I was in India last month and had the opportunity to interact with officials at some of the leading hospital systems there. What stood out was the quality and quantity of patient data that some hospital chains have acquired—and even more importantly, how these chains have leveraged India’s I.T. boom to digitize the data in a structured fashion—in one case, transactional data for 26 million unique patients in a single data warehouse.
That’s impressive. Even more impressive is how technology has helped make this humongous task almost a routine job. With the inevitable surge in data volumes in the United States due to meaningful use, insurance exchanges, etc., it would be good to pay attention.
When I dug deeper, I found that similar exercises have been done in the U.S, maybe not at that scale and as precisely since I.T. systems were incorporated earlier in the United States, resulting in an ad hoc set up. Nonetheless, there are data elements here that can be a gold mine of information. For example, many hospitals have amassed materials and data with potentially significant, embedded DNA information.
Now tie all this with the following facts:
* The power of U.S. I.T. innovation is spreading into the populous markets across the world.
* The cost of obtaining an individual genome is dropping, so it’s becoming more feasible for individuals to enjoy the possible clinical benefits derived from individual gene mapping.
* Pharmaceutical thinking is shifting away from blockbusters to highly profitable precision medication, preferably biologics.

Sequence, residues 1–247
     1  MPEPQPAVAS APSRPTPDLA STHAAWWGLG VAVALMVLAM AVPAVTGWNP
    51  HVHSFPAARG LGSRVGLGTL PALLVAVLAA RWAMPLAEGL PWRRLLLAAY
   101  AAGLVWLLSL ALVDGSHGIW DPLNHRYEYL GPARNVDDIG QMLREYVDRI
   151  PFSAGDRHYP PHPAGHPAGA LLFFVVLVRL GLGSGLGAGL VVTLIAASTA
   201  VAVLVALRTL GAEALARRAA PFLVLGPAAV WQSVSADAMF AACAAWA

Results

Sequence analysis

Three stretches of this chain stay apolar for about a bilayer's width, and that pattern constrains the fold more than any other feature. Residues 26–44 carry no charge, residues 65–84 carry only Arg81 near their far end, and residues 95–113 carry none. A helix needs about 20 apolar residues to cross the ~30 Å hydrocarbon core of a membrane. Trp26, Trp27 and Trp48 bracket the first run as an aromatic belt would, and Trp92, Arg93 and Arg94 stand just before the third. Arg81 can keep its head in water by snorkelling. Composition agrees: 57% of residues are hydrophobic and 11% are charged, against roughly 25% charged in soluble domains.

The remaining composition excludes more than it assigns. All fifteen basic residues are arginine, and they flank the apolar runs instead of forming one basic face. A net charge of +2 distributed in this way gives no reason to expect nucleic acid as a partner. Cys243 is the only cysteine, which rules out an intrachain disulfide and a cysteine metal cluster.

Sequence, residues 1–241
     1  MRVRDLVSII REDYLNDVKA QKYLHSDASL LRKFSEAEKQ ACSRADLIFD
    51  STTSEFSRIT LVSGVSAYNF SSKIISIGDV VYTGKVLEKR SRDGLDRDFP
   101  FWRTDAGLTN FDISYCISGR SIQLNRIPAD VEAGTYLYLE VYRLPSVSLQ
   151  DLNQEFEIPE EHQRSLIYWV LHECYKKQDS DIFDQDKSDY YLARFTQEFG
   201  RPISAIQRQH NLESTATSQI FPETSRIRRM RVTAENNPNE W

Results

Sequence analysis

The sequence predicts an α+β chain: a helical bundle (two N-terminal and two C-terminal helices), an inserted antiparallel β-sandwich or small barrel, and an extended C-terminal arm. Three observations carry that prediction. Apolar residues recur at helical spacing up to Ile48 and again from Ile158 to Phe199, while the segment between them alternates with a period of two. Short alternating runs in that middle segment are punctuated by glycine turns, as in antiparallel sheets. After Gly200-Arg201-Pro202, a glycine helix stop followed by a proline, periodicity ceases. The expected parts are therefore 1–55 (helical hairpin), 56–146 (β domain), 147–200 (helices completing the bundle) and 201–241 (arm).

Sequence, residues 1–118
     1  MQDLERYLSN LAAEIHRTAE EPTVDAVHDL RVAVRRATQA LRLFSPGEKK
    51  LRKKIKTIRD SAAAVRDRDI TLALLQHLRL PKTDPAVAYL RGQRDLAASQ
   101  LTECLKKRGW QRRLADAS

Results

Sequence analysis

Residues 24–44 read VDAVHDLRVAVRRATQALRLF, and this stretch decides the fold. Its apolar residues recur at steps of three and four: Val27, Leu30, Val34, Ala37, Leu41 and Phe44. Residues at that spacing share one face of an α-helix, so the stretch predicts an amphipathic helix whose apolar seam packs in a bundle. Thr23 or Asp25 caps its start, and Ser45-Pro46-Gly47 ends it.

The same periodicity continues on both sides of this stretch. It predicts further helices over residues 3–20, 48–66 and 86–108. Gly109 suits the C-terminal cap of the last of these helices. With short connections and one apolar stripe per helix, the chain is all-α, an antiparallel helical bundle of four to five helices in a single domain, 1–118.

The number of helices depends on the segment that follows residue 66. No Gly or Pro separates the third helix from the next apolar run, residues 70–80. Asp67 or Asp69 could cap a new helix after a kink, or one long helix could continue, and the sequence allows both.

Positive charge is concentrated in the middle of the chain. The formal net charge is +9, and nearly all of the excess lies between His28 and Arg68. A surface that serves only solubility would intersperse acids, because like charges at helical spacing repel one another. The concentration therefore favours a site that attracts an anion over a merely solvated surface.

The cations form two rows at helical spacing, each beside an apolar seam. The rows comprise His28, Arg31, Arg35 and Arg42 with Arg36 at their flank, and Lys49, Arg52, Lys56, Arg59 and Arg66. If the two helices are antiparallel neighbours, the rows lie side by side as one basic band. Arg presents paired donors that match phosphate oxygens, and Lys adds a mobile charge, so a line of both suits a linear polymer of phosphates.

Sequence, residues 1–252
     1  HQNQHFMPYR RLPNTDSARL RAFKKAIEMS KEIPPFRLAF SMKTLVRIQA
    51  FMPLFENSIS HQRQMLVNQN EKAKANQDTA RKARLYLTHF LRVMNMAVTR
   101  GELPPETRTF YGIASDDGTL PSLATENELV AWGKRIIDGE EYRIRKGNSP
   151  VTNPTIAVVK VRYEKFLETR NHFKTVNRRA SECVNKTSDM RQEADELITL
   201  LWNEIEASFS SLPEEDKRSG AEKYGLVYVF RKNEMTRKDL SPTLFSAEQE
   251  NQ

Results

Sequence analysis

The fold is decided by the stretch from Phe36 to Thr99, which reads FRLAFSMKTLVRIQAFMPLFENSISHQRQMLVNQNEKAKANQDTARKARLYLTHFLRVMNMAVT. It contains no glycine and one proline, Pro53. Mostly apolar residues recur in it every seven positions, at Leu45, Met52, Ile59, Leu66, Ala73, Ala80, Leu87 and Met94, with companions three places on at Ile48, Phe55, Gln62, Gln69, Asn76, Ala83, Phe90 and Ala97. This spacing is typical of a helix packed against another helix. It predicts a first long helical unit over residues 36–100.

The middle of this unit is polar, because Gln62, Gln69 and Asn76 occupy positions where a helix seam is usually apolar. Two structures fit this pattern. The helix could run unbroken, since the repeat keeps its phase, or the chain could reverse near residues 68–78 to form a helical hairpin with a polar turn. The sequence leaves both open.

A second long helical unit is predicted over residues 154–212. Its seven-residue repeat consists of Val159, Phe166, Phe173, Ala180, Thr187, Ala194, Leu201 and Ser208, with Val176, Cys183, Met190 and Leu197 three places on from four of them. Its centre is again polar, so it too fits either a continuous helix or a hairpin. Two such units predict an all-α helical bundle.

* The individual market is becoming prominent by the day, not only in the state-sponsored domain but also in the commercial domain, creating more clamor for ‘what is good specifically for me?’
* There is a shift in focus from to outcome-based payments rather than traditional services based payments
* Protected health information is not the barrier it used to be. There are better and more secure ways to analyze the data while maintaining patient confidentiality.
So what does all this mean? I believe these factors may portend a radical shift in the health care and life science industry wherein the patient becomes the focus, not only as part of a group covered under a policy, but truly as an individual. All the variables may be in place. All is needed is something to light the fuse, and comparative effectiveness research (CER) could be that catalyst. If ever there was an opportunity for outcome-based analysis targeted at specific cohorts of patients, it is NOW.
Imagine a scenario where a potential trend/signal is identified through a subscription service that generates reports using patient data from one or more of the hospital chains that contain millions of patient records (with pre-acquired consent). Imagine a pharmaceutical company working on a molecule finds that signal to be highly useful and requests a subsequent focus study against the signal with the hospital chain providing the patients from the original cohort as trial subjects. That could save millions of dollars and multiple years in completing trial recruitments. Imagine that the outcomes identified through the original signal could be used to solidify and enhance the matrices associated with incentives such as those from the meaningful use or ACO programs. Imagine the doctors prescribing you the meds based on your genomic structure because you carry your genome on a wallet card and each doctor has a device that reads your genome and matches it against a subscription service that lists potential treatments for a given diagnosis.
This may sound like science fiction, but all the ingredients are here; it’s just a matter of putting them together using a continuous investment into CER and displaying faith in the outcomes.
Before long, we may answer that all-consuming question: Will an aspirin a day keep the doctor away, specifically for me?
Rajiv Sabharwal is director at Deloitte Consulting LLP, a member firm of Deloitte Touche Tohmatsu Limited (DTTL).
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